Shoup, B., & Denman, M. (2009). Novel ideas: Contemporary authors share the creative process. https://search-proquest-com.proxy1.nu.edu/legacydocview/EBC/3039135?accountid=28180 These two chapters from Novel Ideas offer useful information on where to build up the impact of your story (through recognizing its elements) and how to do that hardest of all writing tasks—FINISH THE STORY!
Writers on Writing, Series 1(1). (2000, January 1). The writers: In the beginning [Video/DVD]. https://proxy1.nu.edu/login?url=https://search-proquest-com.proxy1.nu.edu/docview/1822669707?accountid=28180 Read The Writers: In the Beginning.
Writers on Writing, Series 1 (4). (2000, January 1). The writers: Crafting the story [Video/DVD]. https://proxy1.nu.edu/login?url=https://search-proquest-com.proxy1.nu.edu/docview/1822669282?accountid=28180 Take a reading break with these two companion videos that speak to various writers’ experiences and processes for how to tackle a story. Keep in mind as you go the following question: can this method help you to craft a story, or improve one you’ve drafted?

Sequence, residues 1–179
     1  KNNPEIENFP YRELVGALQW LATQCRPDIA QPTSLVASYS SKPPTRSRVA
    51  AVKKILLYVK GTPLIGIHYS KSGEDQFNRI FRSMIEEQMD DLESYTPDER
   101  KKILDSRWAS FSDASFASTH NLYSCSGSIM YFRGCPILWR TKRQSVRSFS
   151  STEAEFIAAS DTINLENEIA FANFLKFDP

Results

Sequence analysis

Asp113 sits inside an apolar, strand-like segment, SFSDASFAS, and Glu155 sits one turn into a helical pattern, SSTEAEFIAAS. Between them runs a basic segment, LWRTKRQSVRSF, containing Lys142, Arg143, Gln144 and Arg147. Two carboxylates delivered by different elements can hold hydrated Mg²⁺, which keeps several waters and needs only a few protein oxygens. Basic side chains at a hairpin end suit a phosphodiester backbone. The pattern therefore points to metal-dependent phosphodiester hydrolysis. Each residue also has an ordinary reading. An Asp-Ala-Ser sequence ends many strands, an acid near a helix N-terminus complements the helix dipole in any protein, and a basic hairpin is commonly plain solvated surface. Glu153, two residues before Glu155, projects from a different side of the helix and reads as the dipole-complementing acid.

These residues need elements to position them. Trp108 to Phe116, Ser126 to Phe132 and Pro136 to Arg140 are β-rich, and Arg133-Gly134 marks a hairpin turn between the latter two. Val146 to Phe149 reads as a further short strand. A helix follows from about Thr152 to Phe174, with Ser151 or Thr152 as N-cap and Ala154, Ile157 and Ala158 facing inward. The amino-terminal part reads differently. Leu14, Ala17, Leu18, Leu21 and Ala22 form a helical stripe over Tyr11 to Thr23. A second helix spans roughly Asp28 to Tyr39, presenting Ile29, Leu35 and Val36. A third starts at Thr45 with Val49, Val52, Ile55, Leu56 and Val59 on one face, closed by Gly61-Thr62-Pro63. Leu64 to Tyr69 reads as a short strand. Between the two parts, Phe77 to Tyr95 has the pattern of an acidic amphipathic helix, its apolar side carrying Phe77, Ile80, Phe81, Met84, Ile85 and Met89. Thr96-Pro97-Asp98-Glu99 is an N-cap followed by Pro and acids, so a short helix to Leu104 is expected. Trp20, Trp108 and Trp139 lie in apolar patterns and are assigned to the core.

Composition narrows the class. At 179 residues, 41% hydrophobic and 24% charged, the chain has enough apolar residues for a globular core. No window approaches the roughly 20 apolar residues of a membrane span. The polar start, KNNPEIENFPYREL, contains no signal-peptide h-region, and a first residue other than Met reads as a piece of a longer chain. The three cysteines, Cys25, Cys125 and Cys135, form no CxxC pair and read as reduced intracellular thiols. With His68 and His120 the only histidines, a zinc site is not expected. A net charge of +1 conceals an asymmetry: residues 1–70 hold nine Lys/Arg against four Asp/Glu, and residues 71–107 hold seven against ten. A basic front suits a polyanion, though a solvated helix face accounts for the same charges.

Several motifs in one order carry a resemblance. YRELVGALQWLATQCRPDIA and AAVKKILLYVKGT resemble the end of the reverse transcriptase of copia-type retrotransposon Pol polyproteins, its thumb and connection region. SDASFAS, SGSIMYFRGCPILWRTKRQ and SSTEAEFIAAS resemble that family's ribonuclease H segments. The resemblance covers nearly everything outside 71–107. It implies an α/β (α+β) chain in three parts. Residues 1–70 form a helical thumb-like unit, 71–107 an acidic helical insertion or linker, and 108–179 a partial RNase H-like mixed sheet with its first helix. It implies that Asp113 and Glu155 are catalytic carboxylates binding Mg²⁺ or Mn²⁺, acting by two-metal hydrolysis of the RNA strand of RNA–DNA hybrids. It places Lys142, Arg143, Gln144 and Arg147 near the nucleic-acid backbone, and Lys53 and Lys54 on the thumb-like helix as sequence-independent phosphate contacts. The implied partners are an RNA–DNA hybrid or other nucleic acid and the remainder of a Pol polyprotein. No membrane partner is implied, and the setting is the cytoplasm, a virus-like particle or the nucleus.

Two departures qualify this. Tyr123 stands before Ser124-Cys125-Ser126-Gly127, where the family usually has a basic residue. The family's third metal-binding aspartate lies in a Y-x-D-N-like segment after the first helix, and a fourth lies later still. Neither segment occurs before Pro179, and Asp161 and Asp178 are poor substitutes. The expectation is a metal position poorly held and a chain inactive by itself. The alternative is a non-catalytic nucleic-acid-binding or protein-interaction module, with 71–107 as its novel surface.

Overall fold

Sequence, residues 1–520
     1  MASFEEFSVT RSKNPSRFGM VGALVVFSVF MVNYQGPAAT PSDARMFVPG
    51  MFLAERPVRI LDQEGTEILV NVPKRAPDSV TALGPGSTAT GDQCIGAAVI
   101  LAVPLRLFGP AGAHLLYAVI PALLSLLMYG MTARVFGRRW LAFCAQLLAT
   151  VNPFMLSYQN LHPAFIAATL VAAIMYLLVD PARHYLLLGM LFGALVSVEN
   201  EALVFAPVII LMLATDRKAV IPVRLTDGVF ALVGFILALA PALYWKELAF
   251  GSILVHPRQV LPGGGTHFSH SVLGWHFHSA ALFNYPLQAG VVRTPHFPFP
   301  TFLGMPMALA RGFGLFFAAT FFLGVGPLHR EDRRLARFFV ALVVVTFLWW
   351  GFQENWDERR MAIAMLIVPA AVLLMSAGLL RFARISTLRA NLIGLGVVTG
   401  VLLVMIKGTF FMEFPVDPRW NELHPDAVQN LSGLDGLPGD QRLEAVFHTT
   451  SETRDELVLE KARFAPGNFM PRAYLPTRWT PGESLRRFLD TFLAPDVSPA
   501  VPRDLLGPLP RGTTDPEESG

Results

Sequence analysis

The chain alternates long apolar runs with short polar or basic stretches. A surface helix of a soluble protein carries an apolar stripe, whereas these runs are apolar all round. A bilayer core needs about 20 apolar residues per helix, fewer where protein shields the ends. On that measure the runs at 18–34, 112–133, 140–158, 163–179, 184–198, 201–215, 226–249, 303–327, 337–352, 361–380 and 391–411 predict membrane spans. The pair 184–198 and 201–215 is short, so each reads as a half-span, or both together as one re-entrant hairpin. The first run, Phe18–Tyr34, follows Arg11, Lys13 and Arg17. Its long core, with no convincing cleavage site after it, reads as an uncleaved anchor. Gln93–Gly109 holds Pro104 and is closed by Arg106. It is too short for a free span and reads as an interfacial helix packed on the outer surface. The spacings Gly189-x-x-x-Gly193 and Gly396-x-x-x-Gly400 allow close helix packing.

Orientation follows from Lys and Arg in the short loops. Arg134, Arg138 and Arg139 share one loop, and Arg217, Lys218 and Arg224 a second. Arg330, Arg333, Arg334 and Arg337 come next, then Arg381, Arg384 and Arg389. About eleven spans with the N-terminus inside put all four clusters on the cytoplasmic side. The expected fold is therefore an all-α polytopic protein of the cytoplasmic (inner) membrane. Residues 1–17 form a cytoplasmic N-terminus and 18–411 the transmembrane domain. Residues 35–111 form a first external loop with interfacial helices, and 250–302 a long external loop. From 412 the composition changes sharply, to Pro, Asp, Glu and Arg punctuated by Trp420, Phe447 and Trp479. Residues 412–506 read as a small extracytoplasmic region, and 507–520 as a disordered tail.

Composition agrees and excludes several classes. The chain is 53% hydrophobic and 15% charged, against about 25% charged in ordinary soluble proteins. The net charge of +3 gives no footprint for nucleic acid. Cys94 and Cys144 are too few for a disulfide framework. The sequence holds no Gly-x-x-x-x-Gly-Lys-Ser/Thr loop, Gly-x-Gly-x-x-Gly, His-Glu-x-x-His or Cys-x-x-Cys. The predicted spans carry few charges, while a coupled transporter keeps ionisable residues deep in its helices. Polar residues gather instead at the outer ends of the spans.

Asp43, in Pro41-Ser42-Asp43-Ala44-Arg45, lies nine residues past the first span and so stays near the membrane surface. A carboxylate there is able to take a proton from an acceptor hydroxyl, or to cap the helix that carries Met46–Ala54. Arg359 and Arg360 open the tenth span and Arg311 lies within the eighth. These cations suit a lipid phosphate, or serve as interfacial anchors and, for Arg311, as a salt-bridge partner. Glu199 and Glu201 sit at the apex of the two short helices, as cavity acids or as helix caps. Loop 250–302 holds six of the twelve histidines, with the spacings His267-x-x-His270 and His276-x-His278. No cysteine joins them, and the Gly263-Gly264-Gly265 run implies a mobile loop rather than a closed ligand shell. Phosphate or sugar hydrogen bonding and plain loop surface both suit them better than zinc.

Sublett, S. W. (2014). Screenwriting for neurotics: A beginner's guide to writing a feature-length screenplay from start to finish. https://ebookcentral.proquest.com/lib/nu/reader.action?docID=1766293&ppg=73 If there is a single form of creative writing that holds the idea of the plot as the essential driving force of a story, it’s screenwriting. And there’s a reason for that—you’ve watched a movie or television show and thought to yourself, “Jeez, this is slow!” A strong plot that moves along at the right tempo can remedy that problem, and this reading can help us understand how to craft a hard-driving plot. Keep in mind that, while you’ll be writing a traditional prose short story, the ideas presented in this book on screenwriting can carry over with great effect!
DeMarinis, R. (2016). The art & craft of the short story. Retrieved from
https://ebookcentral.proquest.com/lib/nu/reader.action?docID=4840069&ppg=65 Read pages 65-76. In this selection, you’ll read about how some authors view the plot as less important to a successful story than the characters and other elements. Whether this is the best way to view the plot in your stories will depend on the story and the characters. Think of the reading on the plot from Screenwriting for Neurotics and consider which you think has more merit for you.
Kennedy, K. (2019, February). In D. G. Jerz & J. Dalbesio, J. (Eds.), Short story tips: 10 hacks to improve your creative writing. https://jerz.setonhill.edu/writing/creative1/shortstory/ This is a nice resource that can help you out of a tough spot as you craft or revise a story. The tips provided can be viewed as a checklist of sorts, and you can scan down them as you write a story. Do you need to create more tension, here? Or maybe you’re stuck at what should happen on page 3? Use this guide to help overcome your trouble spots!